Meet my friend Emma – you cannot see her

Not every child creates an imaginary friend with and yet it is a fairly common event. There are some interesting speculations about why a child may invent a friend. It is typically not a problem. Parents should not jump to conclusions and try to rid the child of the new found friend. Instead they should observe the interactions and learn a little about how the child’s mind works.

Professor of psychology at the University of Oregon, Marjorie Taylor, wrote a book about children and imaginary friends. The book is titled “Imaginary Companions and the Children Who Create Them. She did some extensive research with children in preschool through the age seven. It might surprise some, that according to Taylor, 65 percent of all children have make-believe friends at some point in their life. Ms Taylor reminds parents that creating a companion is not necessarily a sign loneliness or psychological distress. These children are keenly aware that the friend is personal to them.

Children often work out things they can not understand through role play. An imaginary friend is a great partner for this activity. An imaginary can not tell anyone, hurt the child and will go away anytime the child want them to. Sounds great, right? It is.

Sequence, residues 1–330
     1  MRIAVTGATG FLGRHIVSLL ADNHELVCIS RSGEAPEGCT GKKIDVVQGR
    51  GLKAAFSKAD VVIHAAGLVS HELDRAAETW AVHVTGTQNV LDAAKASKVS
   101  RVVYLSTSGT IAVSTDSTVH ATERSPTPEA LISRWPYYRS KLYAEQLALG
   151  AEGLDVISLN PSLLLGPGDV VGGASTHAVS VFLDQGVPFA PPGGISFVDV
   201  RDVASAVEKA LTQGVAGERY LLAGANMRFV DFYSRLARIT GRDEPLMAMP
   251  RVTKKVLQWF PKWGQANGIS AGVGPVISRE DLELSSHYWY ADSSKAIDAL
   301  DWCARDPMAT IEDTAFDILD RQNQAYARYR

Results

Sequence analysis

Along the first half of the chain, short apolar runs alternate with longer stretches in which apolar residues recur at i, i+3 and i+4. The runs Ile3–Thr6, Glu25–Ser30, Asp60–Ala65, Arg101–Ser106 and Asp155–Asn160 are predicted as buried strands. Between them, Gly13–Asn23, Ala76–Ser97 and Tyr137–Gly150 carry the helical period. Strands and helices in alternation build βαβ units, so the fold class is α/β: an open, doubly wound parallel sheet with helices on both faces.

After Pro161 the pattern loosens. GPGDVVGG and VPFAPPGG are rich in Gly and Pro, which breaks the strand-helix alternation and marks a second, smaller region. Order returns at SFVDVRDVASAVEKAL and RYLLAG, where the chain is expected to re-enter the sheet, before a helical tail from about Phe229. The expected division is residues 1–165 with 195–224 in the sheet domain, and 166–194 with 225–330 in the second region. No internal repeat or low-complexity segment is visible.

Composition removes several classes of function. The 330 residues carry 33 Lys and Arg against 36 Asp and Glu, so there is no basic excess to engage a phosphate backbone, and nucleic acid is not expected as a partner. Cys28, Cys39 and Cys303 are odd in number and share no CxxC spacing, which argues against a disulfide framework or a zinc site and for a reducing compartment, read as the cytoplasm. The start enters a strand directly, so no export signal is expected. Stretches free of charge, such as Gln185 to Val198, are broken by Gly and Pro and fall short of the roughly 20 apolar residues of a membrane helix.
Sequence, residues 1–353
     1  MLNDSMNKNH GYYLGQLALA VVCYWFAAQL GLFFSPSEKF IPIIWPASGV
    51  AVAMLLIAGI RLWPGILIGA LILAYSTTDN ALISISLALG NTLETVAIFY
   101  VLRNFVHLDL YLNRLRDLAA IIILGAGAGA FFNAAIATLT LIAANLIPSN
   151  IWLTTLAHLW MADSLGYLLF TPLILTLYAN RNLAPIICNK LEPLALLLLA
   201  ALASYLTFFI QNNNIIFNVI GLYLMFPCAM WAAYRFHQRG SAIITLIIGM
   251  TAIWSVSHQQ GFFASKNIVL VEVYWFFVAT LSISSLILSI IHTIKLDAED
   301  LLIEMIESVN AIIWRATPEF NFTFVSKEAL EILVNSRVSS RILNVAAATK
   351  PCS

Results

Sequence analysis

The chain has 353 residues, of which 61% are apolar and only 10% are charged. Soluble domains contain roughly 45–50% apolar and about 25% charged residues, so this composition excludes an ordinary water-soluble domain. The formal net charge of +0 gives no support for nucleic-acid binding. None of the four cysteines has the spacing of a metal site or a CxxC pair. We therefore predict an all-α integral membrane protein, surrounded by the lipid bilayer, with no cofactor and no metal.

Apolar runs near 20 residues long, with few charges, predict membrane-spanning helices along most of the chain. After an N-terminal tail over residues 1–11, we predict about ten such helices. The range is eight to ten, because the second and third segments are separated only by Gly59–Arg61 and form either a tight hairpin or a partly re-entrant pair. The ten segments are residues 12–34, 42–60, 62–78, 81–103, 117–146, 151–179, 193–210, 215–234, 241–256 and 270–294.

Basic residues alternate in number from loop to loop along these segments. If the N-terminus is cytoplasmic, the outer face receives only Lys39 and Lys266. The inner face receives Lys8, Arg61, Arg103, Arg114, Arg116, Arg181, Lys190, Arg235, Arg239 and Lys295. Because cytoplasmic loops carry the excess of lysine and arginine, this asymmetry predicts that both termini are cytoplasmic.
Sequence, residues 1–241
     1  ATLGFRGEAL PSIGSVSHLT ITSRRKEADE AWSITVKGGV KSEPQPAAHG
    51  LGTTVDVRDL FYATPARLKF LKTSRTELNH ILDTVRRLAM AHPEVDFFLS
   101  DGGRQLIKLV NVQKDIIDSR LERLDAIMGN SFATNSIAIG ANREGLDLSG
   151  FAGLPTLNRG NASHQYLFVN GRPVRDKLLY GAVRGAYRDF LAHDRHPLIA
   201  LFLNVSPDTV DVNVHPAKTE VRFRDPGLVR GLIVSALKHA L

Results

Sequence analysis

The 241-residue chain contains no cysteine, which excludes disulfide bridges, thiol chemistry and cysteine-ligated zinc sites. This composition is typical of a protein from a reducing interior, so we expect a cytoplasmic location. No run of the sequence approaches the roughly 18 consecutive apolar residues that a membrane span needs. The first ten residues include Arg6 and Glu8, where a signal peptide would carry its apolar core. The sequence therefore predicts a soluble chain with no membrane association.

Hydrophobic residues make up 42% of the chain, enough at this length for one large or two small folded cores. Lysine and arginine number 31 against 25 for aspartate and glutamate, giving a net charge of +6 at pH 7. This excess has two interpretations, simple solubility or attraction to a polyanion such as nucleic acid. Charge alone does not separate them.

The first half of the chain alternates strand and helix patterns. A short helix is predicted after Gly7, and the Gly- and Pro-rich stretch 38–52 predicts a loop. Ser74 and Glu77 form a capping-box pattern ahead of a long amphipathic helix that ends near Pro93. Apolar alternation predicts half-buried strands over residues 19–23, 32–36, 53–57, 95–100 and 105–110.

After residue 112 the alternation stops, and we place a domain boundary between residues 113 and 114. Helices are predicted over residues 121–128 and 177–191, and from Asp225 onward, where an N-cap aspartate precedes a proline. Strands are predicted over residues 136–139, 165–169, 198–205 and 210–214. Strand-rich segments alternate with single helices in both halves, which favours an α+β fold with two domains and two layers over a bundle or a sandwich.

Savvy parents will quietly observe the things that are said and done with this friend and have a clue of the things the child is working out. It is not necessary to intervene, however it can give parents a heads up on what is on the child’s mind.

There seems to be much debate about the creativity factor of those children who have imaginary friends. Studies are inconclusive. However, it would be fair to say that while a child is interacting with their imaginary companion they are using creativity.

There a great number of things a child can safely explore with an imaginary friend. Since the child carries on both sides of the conversation, it would be the same as and adult thing out loud. A child could practice social skills and getting along with others. A child can actually have a safe argument with an imaginary friend. There is no real fear of being physically hurt. It gives the child someone to blame for misbehavior and the parent a way to teach a lesson using the “imaginary friend’s” behavior.

Imaginary friends give a child someone to boss around. Parents may be surprised when they recognize some of the common phrases used in the home and how the child interprets the tone. Parents can use it as a quick check to see if the messages are coming across in the manner intended.

Be certain, as a parent, if you wish to communicate with an imaginary friend that you use the child to deliver the news. Some examples are:

“Please tell Emma that Mom says it is bedtime so everyone needs to go to bed now.”

“Please let George know you are going to preschool now.”

“Please tell James, that if he makes a mess like this again you will have to clean it up for him.”

This preserves the personal relationship the child had established with their imaginary friends.

If you are concerned that your child is going beyond the realms or normal, check with your pediatrician. Other than that , keep journal entries. Your adult child will be interested to hear about the stories.